Two sharply contrasting views dominate the debate over copyright policy. On the one hand—the left one, we might say—copyrights represent mere policy tools, no better in principle than any other legal mechanism and, indeed, more modern, rationally planned, and democratically chosen that anything the common law can offer. On the other hand—the right hand, we might say—copyrights represent property rights no less than real estate or moveable goods do. On that view, copyrights deserve strict enforcement and our solemn respect.
[My draft book, Intellectual Privilege: Copyright, Common Law, and the Common Good, presents] copyright policy on a third hand. So grasped, copyright represents nothing better than a clumsy attempt to correct an alleged market failure. Common law rights, implemented by technological advances, social networks, and growing wealth, increasingly suffice to stimulate the production of original expressive works. Increasingly, we find that we do not need copyright. To that extent, it does us little good and much harm to remain imprisoned within the confines of the Copyright Act. Even if they wanted to, federal lawmakers could not put copyright policy into a delicate balance; they face powerful incentives to not even try. Better we should cast aside copyright's statutory privileges and rely on the common law to promote the public good.
Many people—well-informed, intelligent, and sincere people—will doubtless disagree with this third view of copyright policy. Many will have good reasons for doing so, too. Some, though, will have perhaps been mislead by their reliance on an older, less flexible understanding of copyright—what we might call a circuit-switched model. In fact, however, we can best understand copyright policy, and much else, by following the example set by packet-switched networks.
As courts and commentators traditionally describe copyright, it arises through the collective deliberation of central authorities who, after a delicate balancing of competing interests and in the name of the general welfare, create statutory rights to expressive works. In that model, lawmakers let copyright holders borrow the State's power to violate natural and common law rights, empowering copyright holders to control others' pens, presses, and voices. That approach strongly recalls the policy model applied to earthbound, closed, circuit-switched networks.
Those who build circuit-switched networks invoke the State's power of eminent domain to justify violating common law rights, laying wires that cut across private property. Regulators supervise the monopoly that results, imposing common carrier obligations, cross-subsidizing universal service, and controlling rates. So, too, goes the circuit-switched model of copyright: The Act empowers copyright holders to violate the common law, granting them statutory privileges that cut across customary rights, while lawmakers carefully calibrate the ebb and flow of expressions to maximize the general welfare.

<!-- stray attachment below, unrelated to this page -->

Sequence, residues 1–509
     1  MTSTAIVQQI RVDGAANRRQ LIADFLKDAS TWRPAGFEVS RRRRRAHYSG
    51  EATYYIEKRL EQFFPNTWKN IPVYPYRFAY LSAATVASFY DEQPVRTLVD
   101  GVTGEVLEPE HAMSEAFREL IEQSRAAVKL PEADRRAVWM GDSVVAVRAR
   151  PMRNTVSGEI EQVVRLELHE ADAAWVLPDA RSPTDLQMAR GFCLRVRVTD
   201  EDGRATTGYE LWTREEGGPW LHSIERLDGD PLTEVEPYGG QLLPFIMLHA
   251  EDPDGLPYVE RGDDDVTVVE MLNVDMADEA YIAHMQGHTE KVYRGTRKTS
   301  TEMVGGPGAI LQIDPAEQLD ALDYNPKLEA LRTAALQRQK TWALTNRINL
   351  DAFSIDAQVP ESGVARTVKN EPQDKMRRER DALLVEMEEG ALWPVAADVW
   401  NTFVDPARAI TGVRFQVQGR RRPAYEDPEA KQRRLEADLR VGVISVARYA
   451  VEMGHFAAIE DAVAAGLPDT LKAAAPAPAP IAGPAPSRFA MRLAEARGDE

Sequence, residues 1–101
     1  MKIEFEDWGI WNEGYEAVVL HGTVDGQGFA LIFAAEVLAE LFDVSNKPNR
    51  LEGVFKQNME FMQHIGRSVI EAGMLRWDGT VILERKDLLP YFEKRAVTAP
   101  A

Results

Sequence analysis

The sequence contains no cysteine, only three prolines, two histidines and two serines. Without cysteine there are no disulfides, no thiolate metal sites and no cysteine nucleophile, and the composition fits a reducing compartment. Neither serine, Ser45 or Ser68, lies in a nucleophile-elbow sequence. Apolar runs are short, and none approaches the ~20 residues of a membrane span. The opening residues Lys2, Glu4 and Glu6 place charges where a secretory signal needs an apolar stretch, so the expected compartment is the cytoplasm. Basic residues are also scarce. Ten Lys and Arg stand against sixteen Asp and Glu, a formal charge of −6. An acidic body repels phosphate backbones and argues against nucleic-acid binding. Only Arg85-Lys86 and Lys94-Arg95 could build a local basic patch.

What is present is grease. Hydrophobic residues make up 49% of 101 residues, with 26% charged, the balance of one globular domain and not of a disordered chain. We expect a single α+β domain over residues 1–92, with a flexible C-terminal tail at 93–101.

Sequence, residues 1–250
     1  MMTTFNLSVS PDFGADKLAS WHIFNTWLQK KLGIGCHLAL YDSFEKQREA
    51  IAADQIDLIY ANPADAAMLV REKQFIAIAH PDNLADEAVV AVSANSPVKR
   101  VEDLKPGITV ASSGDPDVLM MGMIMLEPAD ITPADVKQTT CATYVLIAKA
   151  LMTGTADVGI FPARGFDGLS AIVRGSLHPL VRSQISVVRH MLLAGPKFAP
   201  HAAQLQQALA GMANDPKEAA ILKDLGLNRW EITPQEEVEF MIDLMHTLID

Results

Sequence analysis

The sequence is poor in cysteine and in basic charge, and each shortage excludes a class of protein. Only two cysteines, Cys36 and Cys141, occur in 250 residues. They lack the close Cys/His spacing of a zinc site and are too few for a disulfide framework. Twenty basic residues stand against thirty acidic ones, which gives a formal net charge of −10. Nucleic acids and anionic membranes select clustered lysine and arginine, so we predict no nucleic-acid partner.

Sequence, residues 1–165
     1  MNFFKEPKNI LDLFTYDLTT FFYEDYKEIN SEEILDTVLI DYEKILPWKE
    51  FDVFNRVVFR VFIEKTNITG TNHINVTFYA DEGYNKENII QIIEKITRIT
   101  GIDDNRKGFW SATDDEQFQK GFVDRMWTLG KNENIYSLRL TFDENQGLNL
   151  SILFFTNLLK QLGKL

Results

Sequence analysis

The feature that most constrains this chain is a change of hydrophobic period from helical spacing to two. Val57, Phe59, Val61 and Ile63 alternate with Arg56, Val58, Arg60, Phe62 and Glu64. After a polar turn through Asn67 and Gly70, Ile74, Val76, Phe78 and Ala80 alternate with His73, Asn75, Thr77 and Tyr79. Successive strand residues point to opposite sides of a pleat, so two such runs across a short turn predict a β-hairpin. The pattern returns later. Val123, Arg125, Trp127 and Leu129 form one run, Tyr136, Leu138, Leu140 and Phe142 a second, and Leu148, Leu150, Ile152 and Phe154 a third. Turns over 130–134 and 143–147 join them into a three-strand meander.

This book takes a fundamentally different approach to public policy, an approach inspired by packet-switched networks like the market, person-to-person communications, and the internet. In such a network, message-bearing packets flow from point to point over any of many different paths, routed not according to the dictates of a central command but rather by generally accepted protocols. So long as a packet follows a few, simple rules, it can take any route it likes. Packet switching has many virtues; it often proves more flexible, robust, and scalable than circuit switching, for instance. It supports layer upon layer of complexity, too, encouraging a wealth of unplanned order. Most importantly for present purposes, packet switched networks offer us an apt model for understanding that vast web of consent-rich relations we call the liberal society.
Each of us a liberal society pursues a variety of goals, some shared and some unique. Each of us follows his, her, or (in the case legal persons) its own route through a network of voluntary ties. No central authority directs how we pursue our goals. Nor could it, given the complexity of the system and the distribution of information. Our packet-switched society instead relies on a few simple rules--based in natural rights and implemented through the common law--to define a protocol universally just and locally fair. Our society spontaneously generates peace and prosperity, the fruit of conscious action but not of conscious design.
As wire-bound parts of the internet demonstrate, a packet-switched network sometimes runs on a circuit-switched infrastructure. Similarly, liberal societies typically rely on some measure of State intervention to help patch the gaps where private means fail. But in neither case should we confuse an old fix for a necessary feature. Thanks to open-access and packet-switched radio communications, the Internet can—and probably should—escape from those circuit-switched bottlenecks so susceptible to disruption and censorship.
Similarly, common law now stands ready to finally cure the market failure that alone justifies copyright's statutory privileges. If thus rendered superfluous, the Copyright Act will turn from a necessary evil into simply an evil. We should not let that political kludge trap us within copyright's confines. Let us instead seek the common good in the common law.
[NB: The above text comes from the conclusion of my draft book, Intellectual Privilege: Copyright, Common Law, and the Common Good. You can find a PDF of the entire chapter, including footnotes, here. I welcome your comments.]
[Crossposted to Intellectual Privilege and The Technology Liberation Front.]